County Limerick ‘men’s shed’ will be a place to teach, train and talk

Gerard Fitzgibbon

Reporter:

Gerard Fitzgibbon

A RICKETY old former science classroom in Abbeyfeale is to be transformed into a new community portal for men of all ages.

A RICKETY old former science classroom in Abbeyfeale is to be transformed into a new community portal for men of all ages.

The hut on the grounds of the town’s old technical school is to become West Limerick’s first ‘men’s shed’; a dedicated workshop where men can learn new skills, socialise and feel part of their community.

The project is being led locally by West Limerick Resources and the Abbeyfeale Community Education Centre, which was opened this year on the site of the old Mountmahon school.

Breda Deedigan, manager of the new centre, said that the men’s shed programme has taken off around the world because of its flexibility, appeal and core values.

“The concept behind it was that men won’t talk face to face, but they will talk shoulder to shoulder. I had heard about the men’s shed concept about a year ago, and I could see that this was an ideal location for it.

“It’s a place, other than the pub, where men can come and meet and chat. They will do what they really want to do”.

The shed will be located in one of the old school’s science labs, which is separate from the main building and will allow participants to come and go at their own behest. Once it is up and running, the shed will host everything from workshops and training courses to information sessions, and it will be the men taking part who decide when and what they wish to do.

“There’s a whole multitude of things that we can provide, but it will be at their behest, rather than us saying ‘this is what’s happening’”, Ms Deedigan said.

At the moment there are 80 men’s sheds in Ireland, with many based in rural areas in a bid to tackle potential problems such as long-term unemployment and rural isolation.

“They’re able to gather and work on meaningful projects in their own community,” Ms Deedigan said. “If they’re living in isolation and don’t want to go to the pub, they’ll be able to come here, have a cup of tea, cook food... I think it’s a necessary addition to the community, and I do think it will take off.”

Experience around the world has shown that men can be a notoriously difficult demographic to reach when it comes to health awareness and other information campaigns. Men’s sheds can provide a fruitful point of contact where charities can reach men in an environment where they are open, receptive and keen to learn.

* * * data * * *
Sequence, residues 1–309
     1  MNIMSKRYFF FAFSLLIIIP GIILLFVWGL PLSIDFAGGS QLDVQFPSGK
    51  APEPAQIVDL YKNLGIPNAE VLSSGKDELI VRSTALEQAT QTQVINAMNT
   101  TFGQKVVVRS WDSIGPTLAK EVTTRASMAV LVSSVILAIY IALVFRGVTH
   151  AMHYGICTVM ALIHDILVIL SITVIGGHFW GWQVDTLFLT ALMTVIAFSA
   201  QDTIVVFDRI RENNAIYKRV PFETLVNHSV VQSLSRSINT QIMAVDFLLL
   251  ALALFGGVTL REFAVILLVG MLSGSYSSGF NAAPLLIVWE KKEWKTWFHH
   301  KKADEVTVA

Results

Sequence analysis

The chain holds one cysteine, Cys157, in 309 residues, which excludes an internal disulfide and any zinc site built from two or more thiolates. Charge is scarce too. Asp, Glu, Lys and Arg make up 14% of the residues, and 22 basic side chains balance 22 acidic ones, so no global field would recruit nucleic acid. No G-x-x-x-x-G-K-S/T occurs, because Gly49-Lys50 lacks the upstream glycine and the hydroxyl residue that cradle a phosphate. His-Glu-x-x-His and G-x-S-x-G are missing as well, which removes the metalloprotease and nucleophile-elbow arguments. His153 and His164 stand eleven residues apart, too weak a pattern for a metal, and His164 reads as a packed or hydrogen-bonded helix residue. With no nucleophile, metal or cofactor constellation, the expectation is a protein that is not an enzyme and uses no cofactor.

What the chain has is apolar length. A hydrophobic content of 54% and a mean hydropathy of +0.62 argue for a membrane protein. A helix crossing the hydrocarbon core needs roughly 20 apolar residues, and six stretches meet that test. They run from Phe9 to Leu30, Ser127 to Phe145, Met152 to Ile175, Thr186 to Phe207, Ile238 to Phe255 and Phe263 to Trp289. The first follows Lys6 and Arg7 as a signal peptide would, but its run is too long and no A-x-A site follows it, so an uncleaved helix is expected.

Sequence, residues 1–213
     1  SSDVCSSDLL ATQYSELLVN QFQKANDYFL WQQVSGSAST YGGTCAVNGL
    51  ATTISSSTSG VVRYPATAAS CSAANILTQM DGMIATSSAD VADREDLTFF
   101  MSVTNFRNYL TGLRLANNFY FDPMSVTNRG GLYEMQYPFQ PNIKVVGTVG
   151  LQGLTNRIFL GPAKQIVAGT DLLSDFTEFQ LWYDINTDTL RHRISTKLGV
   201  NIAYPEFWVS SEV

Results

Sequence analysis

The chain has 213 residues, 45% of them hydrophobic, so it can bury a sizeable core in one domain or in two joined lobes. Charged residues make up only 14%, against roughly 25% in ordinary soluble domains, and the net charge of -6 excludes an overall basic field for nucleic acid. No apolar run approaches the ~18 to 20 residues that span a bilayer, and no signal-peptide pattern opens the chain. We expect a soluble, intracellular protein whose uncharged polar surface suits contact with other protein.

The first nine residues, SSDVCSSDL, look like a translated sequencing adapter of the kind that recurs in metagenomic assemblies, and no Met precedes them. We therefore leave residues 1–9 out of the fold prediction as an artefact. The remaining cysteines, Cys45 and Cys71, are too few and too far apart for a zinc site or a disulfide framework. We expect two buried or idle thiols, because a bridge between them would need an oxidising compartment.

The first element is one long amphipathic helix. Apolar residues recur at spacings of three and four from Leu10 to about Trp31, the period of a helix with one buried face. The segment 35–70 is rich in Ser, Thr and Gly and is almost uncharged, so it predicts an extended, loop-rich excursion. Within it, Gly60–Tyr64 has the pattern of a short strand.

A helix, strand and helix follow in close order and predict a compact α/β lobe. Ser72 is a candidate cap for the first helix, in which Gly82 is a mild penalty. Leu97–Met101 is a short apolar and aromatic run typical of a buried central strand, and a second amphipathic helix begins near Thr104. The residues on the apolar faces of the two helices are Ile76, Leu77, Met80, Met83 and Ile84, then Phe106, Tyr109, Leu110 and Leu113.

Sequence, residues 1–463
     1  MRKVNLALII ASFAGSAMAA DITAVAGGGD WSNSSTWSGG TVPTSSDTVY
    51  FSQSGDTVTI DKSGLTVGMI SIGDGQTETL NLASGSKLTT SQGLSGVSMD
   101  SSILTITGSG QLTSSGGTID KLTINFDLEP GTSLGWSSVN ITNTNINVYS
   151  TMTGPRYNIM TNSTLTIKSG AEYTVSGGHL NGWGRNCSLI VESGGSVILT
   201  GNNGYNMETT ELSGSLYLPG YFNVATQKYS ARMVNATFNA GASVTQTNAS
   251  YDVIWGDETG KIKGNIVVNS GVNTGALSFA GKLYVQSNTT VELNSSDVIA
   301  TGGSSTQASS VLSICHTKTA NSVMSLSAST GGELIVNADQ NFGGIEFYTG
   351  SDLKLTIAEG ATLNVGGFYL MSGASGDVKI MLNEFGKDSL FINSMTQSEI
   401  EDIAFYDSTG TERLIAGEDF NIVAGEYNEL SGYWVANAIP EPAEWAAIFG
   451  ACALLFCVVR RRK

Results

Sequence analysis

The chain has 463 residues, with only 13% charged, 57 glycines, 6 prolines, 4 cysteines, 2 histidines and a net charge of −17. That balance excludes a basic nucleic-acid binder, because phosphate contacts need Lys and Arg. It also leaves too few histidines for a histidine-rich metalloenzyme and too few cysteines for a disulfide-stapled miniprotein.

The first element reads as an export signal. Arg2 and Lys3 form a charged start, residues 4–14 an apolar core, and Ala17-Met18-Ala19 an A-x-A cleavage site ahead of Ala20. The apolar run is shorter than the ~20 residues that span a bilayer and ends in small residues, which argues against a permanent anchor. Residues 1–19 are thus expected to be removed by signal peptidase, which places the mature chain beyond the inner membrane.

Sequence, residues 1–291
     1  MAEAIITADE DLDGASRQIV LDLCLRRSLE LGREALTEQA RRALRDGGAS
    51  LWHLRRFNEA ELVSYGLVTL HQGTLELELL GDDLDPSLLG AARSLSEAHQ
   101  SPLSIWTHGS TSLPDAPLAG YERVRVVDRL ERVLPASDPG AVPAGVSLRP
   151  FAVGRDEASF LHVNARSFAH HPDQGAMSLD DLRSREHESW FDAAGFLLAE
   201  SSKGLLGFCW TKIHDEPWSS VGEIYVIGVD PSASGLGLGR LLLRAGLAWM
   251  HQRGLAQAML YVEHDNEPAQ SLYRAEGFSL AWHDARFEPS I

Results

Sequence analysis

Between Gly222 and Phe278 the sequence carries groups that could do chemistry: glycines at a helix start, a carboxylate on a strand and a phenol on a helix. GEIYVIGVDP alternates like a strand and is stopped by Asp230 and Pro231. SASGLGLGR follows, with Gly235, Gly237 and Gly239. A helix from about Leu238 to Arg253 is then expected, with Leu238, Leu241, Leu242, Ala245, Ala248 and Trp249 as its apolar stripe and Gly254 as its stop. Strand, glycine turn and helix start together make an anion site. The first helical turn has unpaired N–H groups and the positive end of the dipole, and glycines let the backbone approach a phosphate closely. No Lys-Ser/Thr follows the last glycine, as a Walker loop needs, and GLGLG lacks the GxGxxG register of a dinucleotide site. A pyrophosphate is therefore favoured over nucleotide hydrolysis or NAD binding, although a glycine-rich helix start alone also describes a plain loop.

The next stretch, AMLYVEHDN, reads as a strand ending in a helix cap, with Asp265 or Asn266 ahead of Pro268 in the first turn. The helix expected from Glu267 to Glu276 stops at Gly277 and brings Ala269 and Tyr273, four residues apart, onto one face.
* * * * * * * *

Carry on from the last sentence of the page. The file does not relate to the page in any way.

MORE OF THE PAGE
“There are so many things that women will go to, and will talk to each other at, whereas men don’t. They love the emphasis on the practical side of it: building, getting their hands dirty”, Ms Deedigan said. “They’re the kind of things you’d hope for – that [men’s health campaigns] have this freedom to raise initiatives like that.”

Ms Deedigan said that dedicated coordinators are already in place for the men’s shed, and they have already held preliminary discussions with members of the local community.

Over the coming months, volunteers will start “reconstructing” the old lab and fitting out the fledgling shed with work stations, training equipment, and a small kitchen. The shed is likely to receive a proper launch in the coming weeks when things are truly up and running, Ms Deedigan said.

“I’ve looked at documentaries on men’s sheds, and there’s young guys of 18 with senior citizens, and a wonderful mix of experience and enthusiasm. It brings us back to having a good community base.

“With the high level of unemployment, it’s good to see something focusing on local, indigenous talent and ability. They’ll make it for themselves, on their terms.”

The men’s shed is just the first of several initiatives set to be rolled out at the community education centre in the coming months. Ms Deedigan said that as well as full and part time VEC courses and West Limerick Resources’ programmes, she hopes to set up children’s summer camps, starting this Halloween and running next Easter and the summer holidays.

“If you get young people to come into this environment, they become very comfortable with it from a young age.

“You want them to associate the VEC with more than just basic education